Australia’s federal election campaign got off to a pythonesque start, with Labor opposition leader, Anthony Albanese, being unable to tell questioners the prevailing rate of interest or the unemployment figure. It was a gift for Liberal Prime Minister Scott Morrison, and a welcome public distraction from his own recent failure to identify the price of a litre of gasoline, a Rapid Antigen Test — and even a loaf of bread. Each of them will consider that their showing during the first televised ‘debate’ was successful, purely on the grounds that neither took a real tumble. That’s if you don’t count touching upon Albanese’s turnaround over his refugee boat turnaround policy.
Morrison is arguably the most shallow Australian leader in living memory. He nevertheless held his own in the first debate, conveying a statesmanlike air of patience with the yappy opponent biting at his ankles. Australians usually like their male leaders to be physically large, and Morrison has a more commanding presence. Nevertheless most polls show Labor enjoying a little more than 50 percent approval, though that lead is shrinking. Australians are looking towards other parties and independent candidates in greater numbers than ever before. And who can blame them?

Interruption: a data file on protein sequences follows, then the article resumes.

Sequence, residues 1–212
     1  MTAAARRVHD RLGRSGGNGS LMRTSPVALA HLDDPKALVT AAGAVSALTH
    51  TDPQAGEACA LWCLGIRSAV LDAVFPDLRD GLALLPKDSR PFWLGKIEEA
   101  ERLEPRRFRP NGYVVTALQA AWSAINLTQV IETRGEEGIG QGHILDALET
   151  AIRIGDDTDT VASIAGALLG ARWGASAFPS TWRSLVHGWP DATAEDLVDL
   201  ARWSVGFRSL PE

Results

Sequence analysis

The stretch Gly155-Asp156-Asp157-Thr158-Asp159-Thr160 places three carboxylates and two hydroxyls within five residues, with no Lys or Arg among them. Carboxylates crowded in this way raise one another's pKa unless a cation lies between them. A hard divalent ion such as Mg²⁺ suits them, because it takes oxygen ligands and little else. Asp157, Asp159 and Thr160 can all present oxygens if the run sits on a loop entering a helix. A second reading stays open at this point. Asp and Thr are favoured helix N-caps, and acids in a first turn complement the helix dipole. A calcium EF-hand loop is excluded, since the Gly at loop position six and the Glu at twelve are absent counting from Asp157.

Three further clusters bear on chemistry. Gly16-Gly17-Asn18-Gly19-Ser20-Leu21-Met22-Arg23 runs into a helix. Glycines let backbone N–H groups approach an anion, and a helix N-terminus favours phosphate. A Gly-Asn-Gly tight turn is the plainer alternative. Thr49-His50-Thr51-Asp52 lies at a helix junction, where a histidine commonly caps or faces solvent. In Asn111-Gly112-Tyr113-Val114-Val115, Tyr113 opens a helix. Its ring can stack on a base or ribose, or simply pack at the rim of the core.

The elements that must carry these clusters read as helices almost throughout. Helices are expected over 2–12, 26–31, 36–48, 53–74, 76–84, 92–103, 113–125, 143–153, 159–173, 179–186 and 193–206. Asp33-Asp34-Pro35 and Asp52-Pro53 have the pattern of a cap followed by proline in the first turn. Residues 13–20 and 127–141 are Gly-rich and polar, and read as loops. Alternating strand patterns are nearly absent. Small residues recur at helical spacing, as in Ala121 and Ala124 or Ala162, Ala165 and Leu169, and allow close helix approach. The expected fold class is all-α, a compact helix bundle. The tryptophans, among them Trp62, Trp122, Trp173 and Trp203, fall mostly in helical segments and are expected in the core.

Missing from both leaders are bold and visionary ideas that offer some degree of reassurance and direction in a complex and deeply troubled world. Morrison, although a US-style Christian fundamentalist, has nevertheless neglected the wisdom of Proverbs 29:18 Where there is no vision, the people perish. Also an economic fundamentalist, he has moved the Liberals towards more decidedly illiberal social policies — closer to National, the coalition’s deeply conservative partner. Labor, by contrast, is more socially liberal but economically less left that the Greens, on whom they would almost inevitably depend in order to form a workable government. Green leader Adam Bandt has shifted his party towards a position more critical of capitalism than his predecessors, not to mention today’s Parliamentary Labor Party.
A strong public sector along with authoritarian social policies characterise Katter’s Australian Party, while One Nation’s Pauline Hanson continues to wrap liberal economics and illiberal social policies together as easily as fish and chips.
For most Australian voters, the economy and Medicare are of first importance.
Our chart has been compiled with reference to speeches, manifestos and, where applicable, voting records. Should significant policy changes be announced during the campaign, the chart will be updated accordingly.